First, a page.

method for the measurement of the flow of materials and
energy both within and among organisms. This is known a s
Stable Isotope Ratio Analysis (SIRA). This method is
universally applied in agricultural, food authenticity,
biochemistry, metabolism, medical research, environmental
pollution, archaeolog y, etc. [7-10]. Isotope effects i.e. tiny
differences in physical and chemical properties of the
molecule are the resultant for the variation in isotopic
abundance ratio between isotopic forms of the molecule.
Isotope effects have an imp ortant role in thermal motion,
molecular spectra, chemical reactions (reaction rate a nd bond
strength), physicochemical properties, chemical equilibria,
etc. [11-15]. SIRA can also be used for the deter mination of
the pharmacokinetic profile or mode of action of a drug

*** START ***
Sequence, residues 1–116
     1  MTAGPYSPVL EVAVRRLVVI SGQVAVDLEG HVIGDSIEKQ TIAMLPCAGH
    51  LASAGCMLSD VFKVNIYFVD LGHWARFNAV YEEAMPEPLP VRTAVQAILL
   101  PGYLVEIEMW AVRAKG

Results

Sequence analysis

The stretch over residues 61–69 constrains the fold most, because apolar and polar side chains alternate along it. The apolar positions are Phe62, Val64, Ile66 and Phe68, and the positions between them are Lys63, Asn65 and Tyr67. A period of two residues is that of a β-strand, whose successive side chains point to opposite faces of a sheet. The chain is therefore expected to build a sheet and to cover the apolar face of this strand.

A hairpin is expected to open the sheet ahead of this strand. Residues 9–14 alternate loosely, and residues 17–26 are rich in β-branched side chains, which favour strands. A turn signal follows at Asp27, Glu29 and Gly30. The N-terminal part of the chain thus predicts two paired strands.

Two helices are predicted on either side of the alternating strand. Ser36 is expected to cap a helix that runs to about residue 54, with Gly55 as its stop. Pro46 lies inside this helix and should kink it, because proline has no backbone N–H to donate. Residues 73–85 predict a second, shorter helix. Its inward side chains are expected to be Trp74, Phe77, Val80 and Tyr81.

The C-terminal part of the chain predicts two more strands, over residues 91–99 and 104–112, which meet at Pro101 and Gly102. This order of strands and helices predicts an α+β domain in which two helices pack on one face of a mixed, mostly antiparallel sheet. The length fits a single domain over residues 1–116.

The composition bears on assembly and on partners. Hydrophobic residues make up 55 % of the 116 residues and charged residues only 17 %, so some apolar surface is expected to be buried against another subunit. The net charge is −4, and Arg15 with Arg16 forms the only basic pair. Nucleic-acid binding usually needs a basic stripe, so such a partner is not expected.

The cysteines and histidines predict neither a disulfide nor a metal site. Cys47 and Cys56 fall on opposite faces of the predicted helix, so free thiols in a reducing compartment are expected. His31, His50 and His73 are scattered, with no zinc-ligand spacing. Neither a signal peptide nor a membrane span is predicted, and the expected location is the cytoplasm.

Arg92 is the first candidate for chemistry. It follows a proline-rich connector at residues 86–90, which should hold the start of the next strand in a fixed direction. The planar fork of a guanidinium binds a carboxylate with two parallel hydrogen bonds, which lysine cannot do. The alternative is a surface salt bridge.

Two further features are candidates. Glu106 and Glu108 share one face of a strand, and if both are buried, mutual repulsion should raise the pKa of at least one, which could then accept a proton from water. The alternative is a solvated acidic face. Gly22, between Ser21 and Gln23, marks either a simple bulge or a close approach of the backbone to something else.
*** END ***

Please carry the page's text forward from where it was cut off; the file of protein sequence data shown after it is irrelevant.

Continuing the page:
substance, bioavailabilit y of the drug products, the release
profile for the drug delivery systems and also used for the
assessment in relation to patient-specific drug treatment [8].
Among of the other technique like infrared sp ectroscopy,
nuclear magnetic resonance spectroscopy, and neutron
activation analysis, mass spectrometry (MS) technique such
as GC-MS is widely used for isotope ratio measurement at
low micromolar concentration level s with sufficient
precision. But when the molecules have molar isotope
enrichments at below 0.1%, specialized instruments, such as
isotope ratio mass spectrometer (IRMS), multiple-collector
inductively co upled plasma mass spec trometry a re usually
used for the measurement of the ratio of natural isotopic
abundances in the molecule [8, 9, 14, 16]. Literature reported
that the peak height (i.e. relative intensity) in the mass
spectra is directly proportional to the relative isotopic
abundance of the sample [17-21].
Biofield is a dynamic electromagnetic field existing in